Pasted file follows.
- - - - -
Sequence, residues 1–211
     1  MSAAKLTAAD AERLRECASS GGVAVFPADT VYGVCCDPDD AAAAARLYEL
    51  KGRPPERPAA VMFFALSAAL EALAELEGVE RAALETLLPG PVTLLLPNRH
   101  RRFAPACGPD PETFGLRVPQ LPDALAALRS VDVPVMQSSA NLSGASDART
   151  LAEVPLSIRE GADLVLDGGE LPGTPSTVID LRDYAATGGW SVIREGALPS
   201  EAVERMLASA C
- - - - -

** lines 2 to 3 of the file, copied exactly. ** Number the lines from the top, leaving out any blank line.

     1  MSAAKLTAAD AERLRECASS GGVAVFPADT VYGVCCDPDD AAAAARLYEL
    51  KGRPPERPAA VMFFALSAAL EALAELEGVE RAALETLLPG PVTLLLPNRH